The average size (mean length to caudal fork) of P. leopardus decreased significantly over the five trips, with a monotonic reduction in average size from April 1992 to February 1994. Mean size of P. leopardus varied significantly among reefs and blocks (1.5-2.5 km strip of reef perimeter) also, with Taylor Reef having a significantly greater average size than the other reefs and Beaver Reef having a significantly smaller average size than all other reefs. Although the overall reduction in mean size of P. leopardus across all reefs is indicative of fishing and cause for concern, in the absence of size-at-age information it is not possible to accurately interpret these effects in terms of differences in the population dynamics of P. leopardus among reef or over time. The significant effect of block on mean length of P. leopardus suggests that there may be significant differences in either age-structure or growth rates within reefs also. These results highlight the need for rigorous and powerful sampling programmes, which include within reef strata, for monitoring changes in relative abundance and size and age-structure- of exploited populations of coral reef fishes.

A total of 4,627 P. leopardus were tagged and released on the five reefs with a total of 443 recaptured; 300 from the public and 143 from the four tag-recovery exercises. Ninety-nine percent of the research returns of P. leopardus were returned from the reef of release. One inter-reef movement was recorded from Taylor to Beaver Reef. These results indicate that the extent of inter-reef movement was negligible. In contrast, 36% of the public returns were returned from reefs other than the one on which they were released. The majority of inter-reef movement from the public returns was from Beaver (Closed) to Taylor reefs and from Potter Reef to other reefs in the cluster. The disparity in the extent of inter-reef movement of P. leopardus from Beaver Reef (Closed to fishing) between the public and research returns appears to be the result of infringement and misreporting of location of capture by the public. It is suggested that the level of fishing effort on Beaver Reef (Closed to fishing) indicated by the tag returns may be sufficient to negate the potential effects of protection from fishing. This was supported circumstantially by the CPUE and length frequency data for P. leopardus. In contrast to the negligible level of inter-reef movement by P. leopardus, there was considerable movement within reefs. On average 35% of the P. leopardus returned had moved out of the 1.5-2.5 km block in which they were released. The extent of movement varied among reefs and appeared to be related to movement to, or from, spawning aggregations. The results of the large-scale movement study suggest that partial reef closures may not effectively protect the populations of more mobile reef fish such as P. leopardus, due to their relatively high frequency of movement within reefs, and that it would be more effective to use individual reefs as the minimum spatial unit for reserve design.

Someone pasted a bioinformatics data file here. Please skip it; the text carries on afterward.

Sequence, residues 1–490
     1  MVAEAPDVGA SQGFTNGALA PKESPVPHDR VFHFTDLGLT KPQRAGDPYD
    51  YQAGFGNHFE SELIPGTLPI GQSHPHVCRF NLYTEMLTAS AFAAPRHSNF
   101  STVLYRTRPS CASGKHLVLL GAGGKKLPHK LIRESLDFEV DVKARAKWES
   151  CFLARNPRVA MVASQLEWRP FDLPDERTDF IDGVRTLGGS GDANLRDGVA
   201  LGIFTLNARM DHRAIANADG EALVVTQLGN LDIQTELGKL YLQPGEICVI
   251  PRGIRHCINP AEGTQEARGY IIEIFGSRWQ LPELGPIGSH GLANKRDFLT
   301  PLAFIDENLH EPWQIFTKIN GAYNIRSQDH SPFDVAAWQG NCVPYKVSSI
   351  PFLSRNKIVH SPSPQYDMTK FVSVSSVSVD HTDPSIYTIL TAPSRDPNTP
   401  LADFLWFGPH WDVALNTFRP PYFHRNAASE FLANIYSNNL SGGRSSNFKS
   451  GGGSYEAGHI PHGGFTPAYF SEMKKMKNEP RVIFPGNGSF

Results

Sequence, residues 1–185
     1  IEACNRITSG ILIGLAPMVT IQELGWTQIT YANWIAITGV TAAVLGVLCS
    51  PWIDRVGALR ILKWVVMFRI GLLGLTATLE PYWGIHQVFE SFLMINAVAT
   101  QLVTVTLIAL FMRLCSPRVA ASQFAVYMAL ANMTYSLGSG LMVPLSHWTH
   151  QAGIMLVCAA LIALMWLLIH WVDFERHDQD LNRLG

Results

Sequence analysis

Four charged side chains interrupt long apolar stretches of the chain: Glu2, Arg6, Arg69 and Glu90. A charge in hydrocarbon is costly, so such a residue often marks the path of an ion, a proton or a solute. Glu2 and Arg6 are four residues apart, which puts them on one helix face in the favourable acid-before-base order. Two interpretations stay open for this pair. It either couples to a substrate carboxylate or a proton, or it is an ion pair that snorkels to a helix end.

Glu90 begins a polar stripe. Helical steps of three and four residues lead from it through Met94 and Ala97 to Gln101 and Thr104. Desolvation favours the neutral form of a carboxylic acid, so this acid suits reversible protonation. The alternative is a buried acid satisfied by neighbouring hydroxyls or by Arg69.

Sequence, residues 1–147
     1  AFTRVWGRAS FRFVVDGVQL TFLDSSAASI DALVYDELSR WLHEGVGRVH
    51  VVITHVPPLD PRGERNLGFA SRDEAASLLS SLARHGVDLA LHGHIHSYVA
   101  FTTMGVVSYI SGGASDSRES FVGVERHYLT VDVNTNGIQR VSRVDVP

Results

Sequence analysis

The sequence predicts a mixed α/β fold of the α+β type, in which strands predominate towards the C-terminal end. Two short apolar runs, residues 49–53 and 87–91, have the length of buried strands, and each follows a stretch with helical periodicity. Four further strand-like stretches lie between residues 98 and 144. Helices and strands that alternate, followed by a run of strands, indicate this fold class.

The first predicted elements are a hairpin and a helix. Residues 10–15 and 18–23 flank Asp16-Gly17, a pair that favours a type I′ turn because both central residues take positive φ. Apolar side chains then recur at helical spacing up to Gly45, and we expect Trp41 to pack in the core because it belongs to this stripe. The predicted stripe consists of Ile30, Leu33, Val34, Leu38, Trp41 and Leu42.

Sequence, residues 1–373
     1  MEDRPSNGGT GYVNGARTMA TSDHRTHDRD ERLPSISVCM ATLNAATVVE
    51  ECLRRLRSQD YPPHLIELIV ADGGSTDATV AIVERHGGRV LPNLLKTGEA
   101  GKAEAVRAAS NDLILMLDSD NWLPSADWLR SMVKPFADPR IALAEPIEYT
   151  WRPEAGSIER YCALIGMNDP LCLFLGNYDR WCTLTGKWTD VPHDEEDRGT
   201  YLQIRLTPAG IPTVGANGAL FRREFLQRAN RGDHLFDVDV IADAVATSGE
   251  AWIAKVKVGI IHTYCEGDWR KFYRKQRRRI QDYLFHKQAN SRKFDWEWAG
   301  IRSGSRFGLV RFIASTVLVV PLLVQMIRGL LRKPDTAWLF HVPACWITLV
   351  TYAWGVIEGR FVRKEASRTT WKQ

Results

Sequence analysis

Item ID: 27169
Item Type: Thesis (PhD)
Keywords: Plectropomus leopardus; Cephalopholis cyanostigma; Lutjanus carponotatus; L. bohar; Lethrinus miniatus; L. atkinsoni; Siganus doliatus; Lizard island; Cairns section; Taylor Reef; Beaver Reef; Potter Reef; Great Barrier Reef; GBR; t-bar anchor tags; dart tags; tag loss; site fidelity; habitat fidelity; foraging patterns; survivorship; growth estimates; age estimates; otolith weight; catchability; spawning aggregations; reserve design
Date Deposited: 03 Jun 2013 02:22
FoR Codes: 05 ENVIRONMENTAL SCIENCES > 0502 Environmental Science and Management > 050202 Conservation and Biodiversity @ 33%
06 BIOLOGICAL SCIENCES > 0608 Zoology > 060801 Animal Behaviour @ 33%
05 ENVIRONMENTAL SCIENCES > 0502 Environmental Science and Management > 050205 Environmental Management @ 34%
SEO Codes: 96 ENVIRONMENT > 9605 Ecosystem Assessment and Management > 960507 Ecosystem Assessment and Management of Marine Environments @ 34%
97 EXPANDING KNOWLEDGE > 970105 Expanding Knowledge in the Environmental Sciences @ 33%
96 ENVIRONMENT > 9608 Flora, Fauna and Biodiversity > 960808 Marine Flora, Fauna and Biodiversity @ 33%